Welcome to join us:
we will have the abilities below after graduation

  • Fundamental Mechanics: Fluid dynamics, Electrodynamics, Structure mechanics、Thermodynamics
  • Fundamental Biochemistry
  • Fundamental Cell Biology
  • Technology of Protein Surface Fixation
  • MEMS
  • Software: MATLAB, COMSOL, Rhion3D, Pro/E, CoreDraw, Design Expert
  • Fundamental Circuit Design

Planar patch-clamp chip

We exploit laser drilling technique to create an hourglass-shaped aperture for cellular electrophysiology. CO2 laser was applied to drill on borosilicate cover glass. Special reflow phenomenon occurred at the rear of the glass surface resulted in the unique tailored-contour aperture. Smooth, debris-free, and freshly activated nature of the aperture revealed the capability of planar patch-clamp application. Seal resistance characterization showed promising values that comparable with conventional methods. This approach could be extended to array configuration and integrate with microfluidic system.

Laser drilling system

The hourglass-shaped aperture was implemented by conventional laser drilling technique. A series of short pulses of CO2 laser were applied to drill on borosilicate cover glass with typical thickness of 150um. The total laser energy was designed to just penetrate the thin glass.

Illustration of planar patch-clamp configurations

(A) Micro-opening is fabricated to replace the conventional micropipette. The aperture serves for both cell trapping and signal recording.
(B) An additional concentric channel design facilitates precise cell positioning.
(C) Hourglass-shaped aperture provides more contact area to enhance the seal quality.
(D) Lateral trapping approach offers optical and electrical investigation simultaneously.

Micrographs and SEM images

The side (edge) view of the 150 um glass slide Fig. (A) shows the laser path as predominately Gaussian and penetrated the majority of the glass thickness. At the tip of the Gaussian profile, the hourglass feature is clearly seen; it bottlenecks at the aperture followed by an expanding funnel structure towards the other surface. The diameter of the funnel is approximately 30 um on the glass surface and 20 um deep (from the beam exiting surface to the aperture). Micrographs from the “funnel side” are shown in Figs. (B) (isometric view) and (C) (top view). The aperture is shown to be smooth, circular, and debris-free. The first two characteristics are most likely the benefits of the reflow process; the melted glass aided by local surface tension resulted in the desirable features. Debris-free aperture is due to series of short pulses and just sufficient energy for penetration. In contrast, a single long pulse would generate considerable thermal stress which would cause the brittle glass to crack around the aperture.

Numerical simulation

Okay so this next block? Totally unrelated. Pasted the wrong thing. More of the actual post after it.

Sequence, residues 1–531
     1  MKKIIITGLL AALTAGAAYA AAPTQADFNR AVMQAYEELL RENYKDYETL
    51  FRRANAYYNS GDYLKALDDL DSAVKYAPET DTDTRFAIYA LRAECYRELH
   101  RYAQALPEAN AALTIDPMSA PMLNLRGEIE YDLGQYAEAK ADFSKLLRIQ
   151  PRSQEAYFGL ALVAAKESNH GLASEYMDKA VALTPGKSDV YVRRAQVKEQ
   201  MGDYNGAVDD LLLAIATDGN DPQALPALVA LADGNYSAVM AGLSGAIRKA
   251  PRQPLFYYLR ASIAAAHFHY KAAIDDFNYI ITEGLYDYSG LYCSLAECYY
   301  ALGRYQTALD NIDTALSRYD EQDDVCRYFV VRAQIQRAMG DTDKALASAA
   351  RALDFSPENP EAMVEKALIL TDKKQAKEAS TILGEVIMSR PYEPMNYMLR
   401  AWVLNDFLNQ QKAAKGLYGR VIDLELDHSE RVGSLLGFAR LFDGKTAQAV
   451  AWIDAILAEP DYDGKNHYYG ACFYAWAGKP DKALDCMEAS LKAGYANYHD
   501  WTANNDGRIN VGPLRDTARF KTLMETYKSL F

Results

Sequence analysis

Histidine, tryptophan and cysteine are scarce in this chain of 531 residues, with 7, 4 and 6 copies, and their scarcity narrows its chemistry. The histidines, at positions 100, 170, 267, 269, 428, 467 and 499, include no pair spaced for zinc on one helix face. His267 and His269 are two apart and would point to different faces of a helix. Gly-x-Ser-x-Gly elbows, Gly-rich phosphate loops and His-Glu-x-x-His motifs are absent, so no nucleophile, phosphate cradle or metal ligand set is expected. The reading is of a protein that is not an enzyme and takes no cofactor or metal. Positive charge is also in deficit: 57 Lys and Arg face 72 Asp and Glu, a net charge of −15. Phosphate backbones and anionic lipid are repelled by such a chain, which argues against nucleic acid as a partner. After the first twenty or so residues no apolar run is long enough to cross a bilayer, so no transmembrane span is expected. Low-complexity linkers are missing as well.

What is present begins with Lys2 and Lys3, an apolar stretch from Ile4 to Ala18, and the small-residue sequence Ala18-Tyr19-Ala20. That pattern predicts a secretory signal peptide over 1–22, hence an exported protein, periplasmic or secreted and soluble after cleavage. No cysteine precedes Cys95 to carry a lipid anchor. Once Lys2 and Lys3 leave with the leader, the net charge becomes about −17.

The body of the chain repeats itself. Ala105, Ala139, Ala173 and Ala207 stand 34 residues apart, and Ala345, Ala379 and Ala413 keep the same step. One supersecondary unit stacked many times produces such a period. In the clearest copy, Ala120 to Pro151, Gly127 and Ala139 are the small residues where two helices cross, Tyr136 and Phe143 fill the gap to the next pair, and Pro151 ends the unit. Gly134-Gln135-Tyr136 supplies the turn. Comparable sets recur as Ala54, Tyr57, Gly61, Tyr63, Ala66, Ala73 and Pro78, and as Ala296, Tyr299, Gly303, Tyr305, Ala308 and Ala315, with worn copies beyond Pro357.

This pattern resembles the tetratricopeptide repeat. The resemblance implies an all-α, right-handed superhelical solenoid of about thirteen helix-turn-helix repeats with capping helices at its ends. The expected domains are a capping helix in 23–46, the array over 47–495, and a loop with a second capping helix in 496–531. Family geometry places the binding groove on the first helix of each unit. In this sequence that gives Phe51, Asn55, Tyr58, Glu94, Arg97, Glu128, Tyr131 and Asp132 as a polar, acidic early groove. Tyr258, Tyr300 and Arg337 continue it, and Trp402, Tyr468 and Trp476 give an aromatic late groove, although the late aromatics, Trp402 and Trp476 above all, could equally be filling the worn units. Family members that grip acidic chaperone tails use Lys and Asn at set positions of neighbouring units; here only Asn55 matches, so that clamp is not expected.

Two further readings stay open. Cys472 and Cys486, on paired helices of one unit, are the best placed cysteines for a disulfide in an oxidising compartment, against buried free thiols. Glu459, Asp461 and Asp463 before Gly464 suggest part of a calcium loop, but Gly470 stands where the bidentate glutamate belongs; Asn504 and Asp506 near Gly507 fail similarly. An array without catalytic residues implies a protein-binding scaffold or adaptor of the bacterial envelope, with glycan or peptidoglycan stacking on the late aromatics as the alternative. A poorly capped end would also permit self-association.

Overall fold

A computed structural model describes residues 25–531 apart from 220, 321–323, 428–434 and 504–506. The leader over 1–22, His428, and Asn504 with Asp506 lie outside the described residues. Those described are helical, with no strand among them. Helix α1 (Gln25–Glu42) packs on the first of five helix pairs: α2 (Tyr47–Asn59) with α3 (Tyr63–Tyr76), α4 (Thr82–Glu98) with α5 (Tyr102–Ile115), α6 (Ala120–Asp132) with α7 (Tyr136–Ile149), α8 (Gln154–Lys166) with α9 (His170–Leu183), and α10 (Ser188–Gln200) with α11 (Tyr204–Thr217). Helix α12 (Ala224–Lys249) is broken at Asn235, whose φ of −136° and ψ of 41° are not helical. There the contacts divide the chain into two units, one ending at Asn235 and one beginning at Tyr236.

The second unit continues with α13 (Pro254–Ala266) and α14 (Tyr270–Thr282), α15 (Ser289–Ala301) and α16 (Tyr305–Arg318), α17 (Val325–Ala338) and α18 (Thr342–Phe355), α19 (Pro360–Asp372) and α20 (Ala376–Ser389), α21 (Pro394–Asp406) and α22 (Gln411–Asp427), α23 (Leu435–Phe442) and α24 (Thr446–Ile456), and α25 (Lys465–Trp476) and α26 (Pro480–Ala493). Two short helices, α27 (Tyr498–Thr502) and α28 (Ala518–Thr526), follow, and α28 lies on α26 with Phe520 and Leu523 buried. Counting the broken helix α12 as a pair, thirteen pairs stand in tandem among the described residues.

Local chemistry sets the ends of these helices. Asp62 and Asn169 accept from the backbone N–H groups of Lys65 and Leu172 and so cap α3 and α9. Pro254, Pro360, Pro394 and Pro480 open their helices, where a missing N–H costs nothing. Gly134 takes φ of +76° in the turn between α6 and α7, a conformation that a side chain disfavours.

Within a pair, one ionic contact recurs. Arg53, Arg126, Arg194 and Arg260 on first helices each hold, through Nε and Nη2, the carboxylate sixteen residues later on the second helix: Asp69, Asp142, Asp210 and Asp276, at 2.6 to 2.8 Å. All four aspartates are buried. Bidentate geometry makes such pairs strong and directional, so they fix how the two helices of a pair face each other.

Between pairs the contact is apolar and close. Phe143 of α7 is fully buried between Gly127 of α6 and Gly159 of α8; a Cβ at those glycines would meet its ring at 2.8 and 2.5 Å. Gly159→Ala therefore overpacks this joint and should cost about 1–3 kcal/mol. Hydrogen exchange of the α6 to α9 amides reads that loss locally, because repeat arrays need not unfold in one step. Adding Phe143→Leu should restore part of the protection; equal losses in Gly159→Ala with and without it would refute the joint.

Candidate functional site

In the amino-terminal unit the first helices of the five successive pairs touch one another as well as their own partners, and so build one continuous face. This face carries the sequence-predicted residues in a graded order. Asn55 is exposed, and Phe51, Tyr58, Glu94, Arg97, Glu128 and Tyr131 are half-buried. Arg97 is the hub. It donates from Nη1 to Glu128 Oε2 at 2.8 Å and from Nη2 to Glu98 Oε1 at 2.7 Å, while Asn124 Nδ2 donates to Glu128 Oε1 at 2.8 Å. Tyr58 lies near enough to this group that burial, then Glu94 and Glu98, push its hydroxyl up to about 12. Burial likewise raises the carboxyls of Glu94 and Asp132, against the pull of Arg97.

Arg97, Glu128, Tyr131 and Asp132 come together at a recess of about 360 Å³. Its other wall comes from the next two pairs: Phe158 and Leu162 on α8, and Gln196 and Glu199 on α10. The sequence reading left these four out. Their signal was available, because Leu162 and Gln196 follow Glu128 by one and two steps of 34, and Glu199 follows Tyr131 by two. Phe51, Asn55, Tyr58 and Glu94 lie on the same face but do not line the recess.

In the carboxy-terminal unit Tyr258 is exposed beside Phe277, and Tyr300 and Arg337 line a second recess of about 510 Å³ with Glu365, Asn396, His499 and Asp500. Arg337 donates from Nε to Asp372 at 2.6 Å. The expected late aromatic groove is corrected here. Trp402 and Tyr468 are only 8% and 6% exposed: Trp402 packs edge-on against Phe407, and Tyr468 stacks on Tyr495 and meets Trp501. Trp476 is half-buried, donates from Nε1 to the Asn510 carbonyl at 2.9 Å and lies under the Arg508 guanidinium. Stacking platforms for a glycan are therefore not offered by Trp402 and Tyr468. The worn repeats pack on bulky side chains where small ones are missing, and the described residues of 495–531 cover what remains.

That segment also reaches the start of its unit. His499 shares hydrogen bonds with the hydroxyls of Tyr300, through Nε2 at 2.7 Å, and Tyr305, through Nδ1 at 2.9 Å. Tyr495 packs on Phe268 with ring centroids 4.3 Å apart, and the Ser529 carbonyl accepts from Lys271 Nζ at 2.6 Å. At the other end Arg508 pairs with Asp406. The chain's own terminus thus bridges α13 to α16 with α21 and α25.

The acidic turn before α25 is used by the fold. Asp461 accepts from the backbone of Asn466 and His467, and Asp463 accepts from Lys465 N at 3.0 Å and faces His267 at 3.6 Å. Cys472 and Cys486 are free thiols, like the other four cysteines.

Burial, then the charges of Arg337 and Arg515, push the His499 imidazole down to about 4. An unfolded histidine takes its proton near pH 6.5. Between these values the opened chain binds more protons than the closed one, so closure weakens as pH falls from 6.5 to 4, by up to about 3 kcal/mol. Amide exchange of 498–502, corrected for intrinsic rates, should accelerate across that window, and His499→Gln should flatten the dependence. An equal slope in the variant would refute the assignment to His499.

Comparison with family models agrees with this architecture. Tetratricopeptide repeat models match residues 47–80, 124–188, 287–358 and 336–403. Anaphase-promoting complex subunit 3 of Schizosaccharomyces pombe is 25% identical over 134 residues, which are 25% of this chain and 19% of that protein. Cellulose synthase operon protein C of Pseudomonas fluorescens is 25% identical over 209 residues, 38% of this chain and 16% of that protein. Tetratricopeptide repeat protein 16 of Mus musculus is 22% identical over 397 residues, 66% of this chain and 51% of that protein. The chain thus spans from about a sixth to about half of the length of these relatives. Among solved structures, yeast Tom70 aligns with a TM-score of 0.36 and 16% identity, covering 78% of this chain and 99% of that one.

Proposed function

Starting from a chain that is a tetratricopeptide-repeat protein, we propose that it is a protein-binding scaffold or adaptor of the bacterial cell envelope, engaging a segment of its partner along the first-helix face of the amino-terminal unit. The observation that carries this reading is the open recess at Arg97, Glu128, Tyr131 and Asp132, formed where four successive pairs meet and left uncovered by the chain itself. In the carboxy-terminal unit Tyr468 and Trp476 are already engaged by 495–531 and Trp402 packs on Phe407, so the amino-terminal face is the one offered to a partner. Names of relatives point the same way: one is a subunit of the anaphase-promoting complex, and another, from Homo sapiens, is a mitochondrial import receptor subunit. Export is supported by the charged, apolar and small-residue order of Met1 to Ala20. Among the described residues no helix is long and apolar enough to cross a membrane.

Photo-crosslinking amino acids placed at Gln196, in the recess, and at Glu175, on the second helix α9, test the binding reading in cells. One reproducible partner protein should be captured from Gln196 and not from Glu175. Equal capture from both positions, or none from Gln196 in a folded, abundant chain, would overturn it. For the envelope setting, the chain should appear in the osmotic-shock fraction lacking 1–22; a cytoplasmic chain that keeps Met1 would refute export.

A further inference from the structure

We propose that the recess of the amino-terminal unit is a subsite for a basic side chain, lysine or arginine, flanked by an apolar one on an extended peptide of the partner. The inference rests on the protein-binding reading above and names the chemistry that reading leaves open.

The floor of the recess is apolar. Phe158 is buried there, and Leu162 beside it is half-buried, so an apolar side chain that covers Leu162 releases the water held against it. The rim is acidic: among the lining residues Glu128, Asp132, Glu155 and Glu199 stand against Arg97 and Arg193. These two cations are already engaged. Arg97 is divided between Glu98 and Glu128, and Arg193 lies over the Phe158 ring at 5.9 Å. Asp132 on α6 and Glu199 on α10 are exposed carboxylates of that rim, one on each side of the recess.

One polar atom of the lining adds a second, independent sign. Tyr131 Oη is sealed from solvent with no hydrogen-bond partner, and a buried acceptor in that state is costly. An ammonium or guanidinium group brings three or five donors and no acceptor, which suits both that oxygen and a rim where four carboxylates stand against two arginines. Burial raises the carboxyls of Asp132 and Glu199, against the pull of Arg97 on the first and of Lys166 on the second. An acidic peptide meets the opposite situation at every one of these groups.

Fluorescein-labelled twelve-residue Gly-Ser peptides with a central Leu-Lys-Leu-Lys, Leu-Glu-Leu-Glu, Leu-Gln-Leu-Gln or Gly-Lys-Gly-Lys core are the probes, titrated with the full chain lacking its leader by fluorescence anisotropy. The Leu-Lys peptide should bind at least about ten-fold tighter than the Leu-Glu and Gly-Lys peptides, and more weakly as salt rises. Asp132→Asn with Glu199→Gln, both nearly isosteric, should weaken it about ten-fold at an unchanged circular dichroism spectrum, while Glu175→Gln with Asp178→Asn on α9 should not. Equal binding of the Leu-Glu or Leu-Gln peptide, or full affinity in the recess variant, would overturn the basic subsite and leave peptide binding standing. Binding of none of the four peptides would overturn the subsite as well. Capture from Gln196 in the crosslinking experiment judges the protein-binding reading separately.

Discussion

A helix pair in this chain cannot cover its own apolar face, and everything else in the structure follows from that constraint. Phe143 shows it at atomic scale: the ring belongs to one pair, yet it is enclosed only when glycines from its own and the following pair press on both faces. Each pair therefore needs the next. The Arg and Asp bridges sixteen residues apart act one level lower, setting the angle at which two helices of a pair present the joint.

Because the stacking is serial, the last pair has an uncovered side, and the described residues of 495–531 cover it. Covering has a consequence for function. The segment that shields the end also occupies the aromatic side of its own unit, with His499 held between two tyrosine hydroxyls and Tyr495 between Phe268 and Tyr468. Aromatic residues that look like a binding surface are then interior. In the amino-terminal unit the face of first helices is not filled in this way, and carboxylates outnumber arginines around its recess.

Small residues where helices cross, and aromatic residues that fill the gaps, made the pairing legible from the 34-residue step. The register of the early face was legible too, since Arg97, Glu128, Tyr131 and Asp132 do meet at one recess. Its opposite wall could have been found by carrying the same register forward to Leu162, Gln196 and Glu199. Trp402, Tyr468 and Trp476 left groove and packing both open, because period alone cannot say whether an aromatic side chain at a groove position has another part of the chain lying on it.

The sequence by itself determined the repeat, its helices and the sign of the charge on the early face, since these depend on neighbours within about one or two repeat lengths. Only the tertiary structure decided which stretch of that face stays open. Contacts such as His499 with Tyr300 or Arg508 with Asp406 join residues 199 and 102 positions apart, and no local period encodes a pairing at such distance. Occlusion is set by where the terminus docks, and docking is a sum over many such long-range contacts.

Simulation aids to illuminate the physics leading to hourglass formation. Figure above presents the simulated reflow process at different computational time steps. The simulation was commenced just after the laser penetrated through the glass. The gray portion indicated melted glass. As can be seen, the glass reflowed gradually inward and upward towar laser entering surface to form the hourglass profile. t*=60 time step, the hourglass feature was clearly evident verifying that the simulation captures the dominant physics of th glass reflow process.

Evaluation of seal resistance

(a) Current response of the open resistance of a 1 um aperture was obtained by a 5 mV, 35 ms pulse. The calculated resistance was 1.1 MOhm. (b) PC-12 cells were dropped on the aperture and then gentle suction was applied. Within 1 min, 1.9 GOhm maximum seal resistance was achieved. Smooth, circular, debris-free, and freshly activated surface of the hourglass aperture enable good seal quality.

Two-stage laser pulses technique

Illustration of two-stage laser pulses command to fabricate apertures with diameter of 1-10μm. The first stage is composed of a number of pulses with longer duration than the second stage pulses. These laser pulses drill through the glass substrate and form an hourglass-shape aperture with diameter typically larger than 10μm. The second stage comprised a series of shorter duration pulses is designed to maintain the reflow of melted glass back to the core of the aperture to reduce its diameter to 1-10μm.

SEM image of fabricated apertures with different number of second stage pulses. The aperture size gradually narrowed down by implementing different amount of the second stage laser pulses, from 0 to 10 in 2 interval.

Fabricated aperture diameter due to different number of second stage laser pulses. Results indicated the size of the aperture was progressively reduced by increasing the number of the second stage laser pulses.

Whole-cell ion channel recording

Measured ion-channel current via fabricated 1~3μm aperture as a planar patch-clamp chip. (A) Whole cell current recording of endogenous channels in HEK 293T cell without leak subtraction. Strong ion channel activation appeared at positive membrane potential. (B) The current-voltage relation obtained from the whole cell current traces.